"I was lucky with my time at Sandringham, I did a pre-season at Melbourne and watched and followed Shane Woewodin all summer. He was the epitome of that. Just did more work than everyone and he won a Brownlow. Good lessons as a young fella."
A Gold Coast product, Ryan had chased his AFL dream to Sandringham in 2000-2001, along with a year on Geelong's supplementary list.
But the big time never came calling.
"Quite simply, I was not good enough. I was small, not explosive pace and not great penetration with my kick. I also went to Geelong the same year as Gaz (Gary Ablett), (Jimmy) Bartel, (Josh) Kelly, Stevie J (Steve Johnson), Andy Carrazzo, Corey Enright, Joel Corey, a lot of good on-ballers. I went from a starting on-baller at 'Sandy' to a back pocket at the Cats. I was watching these kids coming through thinking, 'geez, these kids are freaks'. History shows they were. I was lucky I can say I played a few games with the greatest we will ever see in Gaz Jr," he said.
It certainly didn't diminish his passion though, spending the next three years at Subiaco under Peter German, who he credits with teaching him everything about the game.
"'Germo' was such a huge influence on myself, the boys who played under him and the ongoing success of the Subiaco Football club," Ryan offered
"He was ahead of his time around creating a culture and an environment of continued improvement and an expectation of winning.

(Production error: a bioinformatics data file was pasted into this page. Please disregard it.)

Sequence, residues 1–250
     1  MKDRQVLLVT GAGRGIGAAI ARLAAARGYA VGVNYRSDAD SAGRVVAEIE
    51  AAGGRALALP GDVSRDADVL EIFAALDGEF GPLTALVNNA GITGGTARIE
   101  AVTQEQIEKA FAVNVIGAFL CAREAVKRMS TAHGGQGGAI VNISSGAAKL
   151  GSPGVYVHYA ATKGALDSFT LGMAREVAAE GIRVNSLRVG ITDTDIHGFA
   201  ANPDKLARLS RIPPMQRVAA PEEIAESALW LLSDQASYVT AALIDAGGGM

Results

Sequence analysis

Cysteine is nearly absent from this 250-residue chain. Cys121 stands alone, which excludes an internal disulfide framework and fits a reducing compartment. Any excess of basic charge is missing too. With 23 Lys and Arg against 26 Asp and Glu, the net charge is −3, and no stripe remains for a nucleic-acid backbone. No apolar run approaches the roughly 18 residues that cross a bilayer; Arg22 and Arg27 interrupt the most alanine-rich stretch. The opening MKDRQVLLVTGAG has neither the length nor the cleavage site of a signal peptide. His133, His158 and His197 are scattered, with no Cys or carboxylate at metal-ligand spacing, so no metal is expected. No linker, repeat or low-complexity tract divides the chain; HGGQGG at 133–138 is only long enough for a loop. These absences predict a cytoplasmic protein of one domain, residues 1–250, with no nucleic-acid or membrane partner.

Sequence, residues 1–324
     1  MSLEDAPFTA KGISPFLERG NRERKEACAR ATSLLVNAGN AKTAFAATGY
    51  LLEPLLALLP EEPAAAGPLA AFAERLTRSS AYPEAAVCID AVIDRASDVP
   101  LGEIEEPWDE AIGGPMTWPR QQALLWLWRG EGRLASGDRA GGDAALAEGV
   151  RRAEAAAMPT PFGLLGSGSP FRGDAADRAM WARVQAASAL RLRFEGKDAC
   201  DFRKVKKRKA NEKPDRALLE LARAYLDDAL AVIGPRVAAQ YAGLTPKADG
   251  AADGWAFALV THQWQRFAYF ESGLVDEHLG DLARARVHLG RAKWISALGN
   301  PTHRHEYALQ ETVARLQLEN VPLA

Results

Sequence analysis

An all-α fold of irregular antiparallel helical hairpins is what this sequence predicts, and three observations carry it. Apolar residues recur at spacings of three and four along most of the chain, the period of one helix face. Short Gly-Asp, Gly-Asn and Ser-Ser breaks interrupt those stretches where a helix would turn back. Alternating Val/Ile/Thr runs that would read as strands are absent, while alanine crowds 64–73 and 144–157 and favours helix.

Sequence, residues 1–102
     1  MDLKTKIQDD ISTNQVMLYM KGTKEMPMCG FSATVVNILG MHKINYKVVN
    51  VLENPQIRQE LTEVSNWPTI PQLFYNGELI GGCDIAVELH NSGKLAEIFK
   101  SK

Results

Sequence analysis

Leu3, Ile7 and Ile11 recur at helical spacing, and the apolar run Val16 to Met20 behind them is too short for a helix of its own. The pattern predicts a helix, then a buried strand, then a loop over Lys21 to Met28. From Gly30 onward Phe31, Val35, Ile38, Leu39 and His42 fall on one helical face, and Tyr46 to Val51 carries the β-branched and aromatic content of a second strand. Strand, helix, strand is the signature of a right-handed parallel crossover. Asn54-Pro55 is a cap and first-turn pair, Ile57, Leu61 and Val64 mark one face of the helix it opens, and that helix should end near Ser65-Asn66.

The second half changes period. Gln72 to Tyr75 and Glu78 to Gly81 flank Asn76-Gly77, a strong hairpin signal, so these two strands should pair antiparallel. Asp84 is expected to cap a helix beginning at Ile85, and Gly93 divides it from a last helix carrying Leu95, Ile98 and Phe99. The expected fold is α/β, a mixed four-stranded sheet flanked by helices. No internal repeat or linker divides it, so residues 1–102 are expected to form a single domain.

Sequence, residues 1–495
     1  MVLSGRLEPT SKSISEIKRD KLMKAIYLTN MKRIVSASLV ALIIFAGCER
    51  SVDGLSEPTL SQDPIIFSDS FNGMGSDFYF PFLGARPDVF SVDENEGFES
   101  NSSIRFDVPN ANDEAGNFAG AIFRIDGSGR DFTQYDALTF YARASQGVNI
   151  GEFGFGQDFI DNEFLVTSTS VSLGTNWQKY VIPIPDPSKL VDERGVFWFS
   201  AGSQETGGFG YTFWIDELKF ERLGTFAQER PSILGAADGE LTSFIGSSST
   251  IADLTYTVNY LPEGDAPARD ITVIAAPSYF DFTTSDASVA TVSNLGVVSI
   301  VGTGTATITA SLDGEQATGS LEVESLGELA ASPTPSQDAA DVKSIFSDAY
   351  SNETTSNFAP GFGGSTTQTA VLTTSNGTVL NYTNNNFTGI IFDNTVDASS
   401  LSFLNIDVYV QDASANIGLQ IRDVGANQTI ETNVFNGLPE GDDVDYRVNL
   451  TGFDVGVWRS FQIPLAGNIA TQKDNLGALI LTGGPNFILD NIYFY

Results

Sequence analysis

"He was very hard and very hard on me, but also a bloody good man.
"'Germo' and wife Cath would have you over for dinner, but he wouldn't miss you and neither would Cath. She would give you a clip as well when you got in the rooms after the game (laughs). But look at 'Germo's' results, they speak for themselves. He had an amazing game plan with a huge emphasis on defensive running and tackling, smart ball use out of the backline and really attacking mid and forward lines. Players like Matt Priddis (2014 Brownlow medallist) talk of him and what they learnt. I was no different."
The Roos were next and a two-year love affair with the league.
After the disappointment of the shoulder injury in 2007, Ryan set himself for a monster pre-season.
"I remember being in Brazil on Christmas Day on a boys' trip and punishing myself before we went out because I was really determined to come back and have an impact," he said.
It worked. He equalled five-time Morris medallist Rob Walker's 1991 record (and still is) of 31 votes, cruising home by 10.
"I was really proud. I owed so many people a thank you and appreciation for all the support and that felt like a little win. It was as good as my body had been since the bombing, the shoulder injury the year before had allowed me a really big lead up," he said.